Connecting these trail networks and parks would begin to create the necessary components for an IMBA designated “Ride Center” for the region.
4. Develop the regional Triangle Bikeway along I-40 and connect Morrisville, RTP, Durham and Chapel Hill
The fourth piece of the Wake Trails Initiative would be connecting this recreation area to Raleigh, Morrisville, Cary, RTP and then on to Durham and Chapel Hill. To accomplish this, plans are currently underway and in design for the “Triangle Bikeway.” This biking superhighway would start at Trenton Rd. and would travel west beside the I-40 corridor into Morrisville, RTP, Durham with connections to Chapel Hill. The Triangle Bikeway is currently in the early stages of design as a joint project of the Capital Area MPO and the Durham/Chapel Hill Carrboro MPO. The initial study scheduled for completion in late 2020 or early 2021. With these connections to the region and to this recreational area, all the elements of transportation, recreation and destinations will come together to enhance trail development and the user experience.
The Odd Fellows Tract
There has been a great deal of discussion regarding the Odd Fellow site as a possible quarry. This decision was made by the board of the RDU Authority and litigation has ensued to determine whether the RDU Board had the authority to make such a decision. If he RDU Authority prevails, the property still must go through licensed and permitted which is a lengthy process and will take time.
If during any part of the process the Odd Fellows property becomes available for recreation, include the lease of this land as part of the expansion of Crabtree Lake County Park, the first component of this plan. Until then, let’s begin this regional recreational transformation by making the Wake Trails Initiative a reality today.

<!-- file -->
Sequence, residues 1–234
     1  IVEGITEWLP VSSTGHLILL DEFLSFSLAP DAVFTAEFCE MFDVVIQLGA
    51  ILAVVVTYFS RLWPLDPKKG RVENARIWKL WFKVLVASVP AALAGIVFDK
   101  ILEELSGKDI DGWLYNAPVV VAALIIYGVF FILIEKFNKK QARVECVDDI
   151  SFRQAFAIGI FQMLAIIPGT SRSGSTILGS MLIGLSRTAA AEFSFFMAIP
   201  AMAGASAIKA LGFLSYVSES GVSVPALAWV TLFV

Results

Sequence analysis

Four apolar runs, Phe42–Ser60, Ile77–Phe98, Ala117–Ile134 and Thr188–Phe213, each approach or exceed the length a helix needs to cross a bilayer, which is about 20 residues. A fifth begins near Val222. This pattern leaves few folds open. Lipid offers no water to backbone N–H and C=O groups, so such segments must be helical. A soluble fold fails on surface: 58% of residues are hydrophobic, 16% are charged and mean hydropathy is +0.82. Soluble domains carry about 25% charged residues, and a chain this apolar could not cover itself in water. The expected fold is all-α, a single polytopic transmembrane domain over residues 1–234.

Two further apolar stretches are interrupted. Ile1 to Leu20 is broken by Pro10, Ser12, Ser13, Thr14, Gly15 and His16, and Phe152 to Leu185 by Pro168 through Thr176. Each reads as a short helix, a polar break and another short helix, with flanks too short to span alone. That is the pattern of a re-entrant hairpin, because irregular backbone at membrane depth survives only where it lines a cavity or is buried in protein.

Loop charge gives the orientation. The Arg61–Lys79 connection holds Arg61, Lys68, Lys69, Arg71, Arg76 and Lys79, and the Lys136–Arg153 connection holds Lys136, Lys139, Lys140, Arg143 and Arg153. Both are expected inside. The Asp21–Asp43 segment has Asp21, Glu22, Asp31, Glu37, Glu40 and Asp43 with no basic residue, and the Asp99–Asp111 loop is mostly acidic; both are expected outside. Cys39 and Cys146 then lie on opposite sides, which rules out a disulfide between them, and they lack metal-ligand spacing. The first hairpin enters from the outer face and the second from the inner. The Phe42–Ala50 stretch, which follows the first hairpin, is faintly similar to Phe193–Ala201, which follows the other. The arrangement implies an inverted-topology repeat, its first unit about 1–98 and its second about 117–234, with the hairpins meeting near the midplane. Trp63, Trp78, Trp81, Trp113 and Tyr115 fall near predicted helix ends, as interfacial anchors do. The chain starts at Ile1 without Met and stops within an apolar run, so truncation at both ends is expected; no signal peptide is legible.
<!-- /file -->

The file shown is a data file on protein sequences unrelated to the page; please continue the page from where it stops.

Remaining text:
While these issues play themselves out, there is no reason why we shouldn’t move forward on elements we can control.
What is it going to take to make it happen?
- Community support for the plan
- Support from elected leaders and the RDU Authority Board
- Collaborative partnerships within planning, design and implementation of the plan from the private, public and government sectors
Why is this the right thing to do for Wake County and the Triangle Area?
- Creates a healthier Wake County and improves the quality of life and environment by providing:
- Additional fitness and recreation opportunities that are safe and properly maintained
- An alternative transportation option to car travel
- Protection for natural areas in a safe, legal and environmentally friendly manner
- Encourages economic development and creates:
- New tourism draws (A trail system in Bentonville, AK now draws more than 60,000 visitors a year)
- New jobs in parks and recreation, construction and service areas
- Honors the desire expressed by residents to develop the land adjacent to Old Reedy Creek Road for public use and eliminate the need to secure that land with fencing or other barriers
- As stated in the recent report, Market Analysis of Mountain Biking in the Southern Appalachian National Forests: “Within North Carolina, there is significant mountain bike demand emanating from the Raleigh/Durham area which also appears to be undersupplied with mountain bike trails.” This helps meet the gap in supply and demand for mountain biking recreation resources in the Southern Appalachian National Forest region as outlined is a study by CHM Government Services (CHMGS) at the request of the USDA Forest Service (USFS). https://www.fs.usda.gov/Internet/FSE_DOCUMENTS/fseprd632448.pdf